Foreign buyers flock to Cape Town's booming art scene

CAPE TOWN (Reuters) - Collectors from America and Europe are scouring Cape Town’s booming art scene in search of deals as diverse as an expressive oil painting by South Africa’s Irma Stern or a sculpture assembled from bottle caps by Ghana’s El Anatsui.

Dozens of venues, including the Association of Visual Arts Gallery and the converted grain silos of the Zeitz Museum of Contemporary African Art (MOCAA), are catering to aficionados seeking a good investment as well as the general public.

At a packed auction on Monday, bidding reached new highs as collectors phoning in from as far away as Chile and Canada competed against each other and the audience.

“We sold approximately 106 million rands ($7.3 million) worth of art, including commission...which is a record for South Africa and for Africa as a continent,” said Frank Kilbourn, executive chairman of auction house Strauss and Co. “It bodes extremely well for the future of African and South African art.”

More than 600 lots were sold, and on offer were a wide range of items: from Chinese and Japanese ceramics to works of South African heavyweights Stern, Gerard Sekoto and Alexis Preller.

Stern’s paintings took the top three spots by value, with the highest bidder paying just over 20 million rand for portrait “Arab”. The painting, still in its original carved wooden frame, is a previously unrecorded portrait of an Omani nobleman from the court of the Sultanate of Zanzibar.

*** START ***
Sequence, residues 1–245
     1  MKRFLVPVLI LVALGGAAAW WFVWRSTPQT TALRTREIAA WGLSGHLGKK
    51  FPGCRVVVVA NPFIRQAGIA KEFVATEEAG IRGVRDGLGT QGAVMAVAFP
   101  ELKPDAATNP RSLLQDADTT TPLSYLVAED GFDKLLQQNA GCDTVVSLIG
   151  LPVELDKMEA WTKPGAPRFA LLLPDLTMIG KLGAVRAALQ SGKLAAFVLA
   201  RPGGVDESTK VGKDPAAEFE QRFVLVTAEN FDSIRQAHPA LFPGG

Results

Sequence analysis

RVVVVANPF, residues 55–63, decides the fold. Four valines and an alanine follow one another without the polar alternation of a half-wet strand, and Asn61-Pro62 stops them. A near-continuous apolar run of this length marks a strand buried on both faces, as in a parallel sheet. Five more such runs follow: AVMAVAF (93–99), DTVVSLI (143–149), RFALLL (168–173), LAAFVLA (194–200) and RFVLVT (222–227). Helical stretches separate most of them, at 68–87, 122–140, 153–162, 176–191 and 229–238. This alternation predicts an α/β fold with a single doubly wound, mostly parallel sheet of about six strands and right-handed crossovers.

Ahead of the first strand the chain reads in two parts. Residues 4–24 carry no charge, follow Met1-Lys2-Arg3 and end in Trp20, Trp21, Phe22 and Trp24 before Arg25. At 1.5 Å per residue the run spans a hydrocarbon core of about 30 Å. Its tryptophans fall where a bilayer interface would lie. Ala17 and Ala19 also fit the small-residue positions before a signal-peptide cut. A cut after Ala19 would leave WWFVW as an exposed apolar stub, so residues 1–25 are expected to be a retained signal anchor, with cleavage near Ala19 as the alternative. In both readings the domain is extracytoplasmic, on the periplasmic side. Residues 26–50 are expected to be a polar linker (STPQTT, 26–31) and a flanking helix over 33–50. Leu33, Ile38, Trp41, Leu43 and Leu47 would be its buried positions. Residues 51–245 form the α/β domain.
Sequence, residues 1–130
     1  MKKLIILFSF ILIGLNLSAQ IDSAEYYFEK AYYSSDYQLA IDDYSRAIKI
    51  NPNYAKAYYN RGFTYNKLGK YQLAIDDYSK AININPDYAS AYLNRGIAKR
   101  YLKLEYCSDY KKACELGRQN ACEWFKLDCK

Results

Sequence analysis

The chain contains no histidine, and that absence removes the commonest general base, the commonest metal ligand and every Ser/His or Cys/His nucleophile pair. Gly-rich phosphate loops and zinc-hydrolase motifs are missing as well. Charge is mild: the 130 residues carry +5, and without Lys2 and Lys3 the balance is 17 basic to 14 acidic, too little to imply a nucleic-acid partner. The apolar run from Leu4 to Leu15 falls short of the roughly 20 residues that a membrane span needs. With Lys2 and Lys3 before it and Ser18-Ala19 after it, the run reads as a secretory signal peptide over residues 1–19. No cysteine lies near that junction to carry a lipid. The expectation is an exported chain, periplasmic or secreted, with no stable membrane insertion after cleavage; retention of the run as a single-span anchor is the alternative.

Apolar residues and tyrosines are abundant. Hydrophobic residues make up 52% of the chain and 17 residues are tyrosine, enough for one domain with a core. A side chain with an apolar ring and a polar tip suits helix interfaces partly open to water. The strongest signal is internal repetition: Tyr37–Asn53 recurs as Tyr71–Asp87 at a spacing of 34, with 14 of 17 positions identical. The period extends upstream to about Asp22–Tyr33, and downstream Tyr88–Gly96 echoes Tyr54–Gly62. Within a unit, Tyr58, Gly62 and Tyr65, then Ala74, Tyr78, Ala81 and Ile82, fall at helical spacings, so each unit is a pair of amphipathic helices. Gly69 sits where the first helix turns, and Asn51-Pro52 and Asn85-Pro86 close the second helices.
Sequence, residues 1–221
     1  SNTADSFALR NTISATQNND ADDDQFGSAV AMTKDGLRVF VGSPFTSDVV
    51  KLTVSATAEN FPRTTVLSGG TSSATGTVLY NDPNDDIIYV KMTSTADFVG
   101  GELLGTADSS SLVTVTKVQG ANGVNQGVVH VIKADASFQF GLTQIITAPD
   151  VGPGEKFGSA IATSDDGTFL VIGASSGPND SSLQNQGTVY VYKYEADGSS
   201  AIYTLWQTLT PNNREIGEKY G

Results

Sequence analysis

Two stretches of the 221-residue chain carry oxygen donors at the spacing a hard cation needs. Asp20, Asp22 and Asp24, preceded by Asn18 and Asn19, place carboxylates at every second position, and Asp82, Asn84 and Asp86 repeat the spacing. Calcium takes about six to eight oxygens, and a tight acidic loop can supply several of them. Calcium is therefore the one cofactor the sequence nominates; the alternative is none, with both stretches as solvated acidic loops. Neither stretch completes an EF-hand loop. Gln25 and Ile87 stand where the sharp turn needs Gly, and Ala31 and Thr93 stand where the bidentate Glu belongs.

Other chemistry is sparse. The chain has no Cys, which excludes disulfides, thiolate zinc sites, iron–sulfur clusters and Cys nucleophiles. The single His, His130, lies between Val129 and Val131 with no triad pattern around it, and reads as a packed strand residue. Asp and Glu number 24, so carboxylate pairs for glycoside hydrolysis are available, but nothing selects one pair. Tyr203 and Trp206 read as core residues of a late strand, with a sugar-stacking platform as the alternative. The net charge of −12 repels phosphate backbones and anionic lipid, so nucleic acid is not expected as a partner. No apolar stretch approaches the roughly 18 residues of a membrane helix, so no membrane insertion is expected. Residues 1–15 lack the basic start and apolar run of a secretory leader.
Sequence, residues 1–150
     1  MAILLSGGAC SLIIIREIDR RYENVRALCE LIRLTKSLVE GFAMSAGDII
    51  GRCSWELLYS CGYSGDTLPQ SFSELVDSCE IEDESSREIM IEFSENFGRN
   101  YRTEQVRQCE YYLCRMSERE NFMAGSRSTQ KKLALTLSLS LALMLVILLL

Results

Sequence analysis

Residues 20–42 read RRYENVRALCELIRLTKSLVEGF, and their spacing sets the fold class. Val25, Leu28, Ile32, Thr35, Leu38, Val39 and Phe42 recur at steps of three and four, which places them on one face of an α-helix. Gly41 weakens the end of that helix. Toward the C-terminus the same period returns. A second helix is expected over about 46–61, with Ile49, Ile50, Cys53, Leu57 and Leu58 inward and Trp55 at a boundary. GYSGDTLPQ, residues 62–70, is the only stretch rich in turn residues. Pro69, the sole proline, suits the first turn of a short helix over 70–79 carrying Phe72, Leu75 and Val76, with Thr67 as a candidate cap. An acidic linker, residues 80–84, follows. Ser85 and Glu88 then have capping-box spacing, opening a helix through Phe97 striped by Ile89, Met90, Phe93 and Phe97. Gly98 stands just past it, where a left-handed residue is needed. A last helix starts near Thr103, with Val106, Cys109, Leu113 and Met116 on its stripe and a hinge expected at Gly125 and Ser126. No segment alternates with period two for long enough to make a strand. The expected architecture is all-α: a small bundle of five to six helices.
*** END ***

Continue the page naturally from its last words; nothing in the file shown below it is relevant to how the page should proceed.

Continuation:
Kilbourn said local buyers snatched up Stern’s works, although there was strong competition from abroad.

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“We’ve got credible auction houses and a great gallery system and the world is now realizing that we’ve come of age,” he said. “It’s a great place to look at art and to buy art.”

The wide variety of contemporary works on offer include prints and drawings by South Africa’s William Kentridge, who has exhibited in New York and Paris, as well as the surreal canvasses of former prisoner-turned-artist Blessing Ngobeni.

The potential investment value of some of the continent’s historic art figures and a favorable dollar-rand exchange rate are also attracting foreign buyers, Kilbourn said, adding South Africa’s art market is valued at around 2-3 billion rand a year.

“Definitely, Americans and Europeans are the largest buyers of African art or South African art,” Darren Julien, chief executive of U.S-based Julien’s Auctions said.

“I’m confident the Chinese will be following soon after, as they generally pick up on hot collecting markets.”

The launch of Zeitz MOCAA last year in Cape Town, touted as the world’s largest contemporary African art museum, has helped pique interest in Africa’s rich artistic heritage.

“It becomes this experience the rest of the continent, an entry way,” said Precious Mhone, co-curator of a multi-disciplinary exhibition of African artists at MOCAA.

“There are all these spaces that speak to different forms of artistic practice and so having (this) only enriches the art scene in Cape Town.”

Reporting by Wendell Roelf; Editing by Alexandra Zavis and Marie-Louise Gumuchian